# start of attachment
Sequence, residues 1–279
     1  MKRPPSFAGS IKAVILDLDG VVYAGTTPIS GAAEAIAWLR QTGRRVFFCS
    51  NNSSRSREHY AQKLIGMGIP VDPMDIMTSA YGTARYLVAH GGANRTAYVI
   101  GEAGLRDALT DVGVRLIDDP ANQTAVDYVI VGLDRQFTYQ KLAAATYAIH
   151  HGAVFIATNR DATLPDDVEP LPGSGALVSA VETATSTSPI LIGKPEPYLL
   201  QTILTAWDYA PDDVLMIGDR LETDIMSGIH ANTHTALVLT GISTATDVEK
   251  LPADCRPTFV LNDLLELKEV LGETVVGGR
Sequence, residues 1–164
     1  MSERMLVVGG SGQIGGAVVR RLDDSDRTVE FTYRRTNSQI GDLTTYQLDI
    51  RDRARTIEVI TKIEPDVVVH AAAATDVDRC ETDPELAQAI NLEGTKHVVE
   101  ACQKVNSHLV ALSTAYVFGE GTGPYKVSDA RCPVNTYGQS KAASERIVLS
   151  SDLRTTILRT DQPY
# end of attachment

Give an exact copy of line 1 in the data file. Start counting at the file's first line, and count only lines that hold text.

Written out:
Sequence, residues 1–279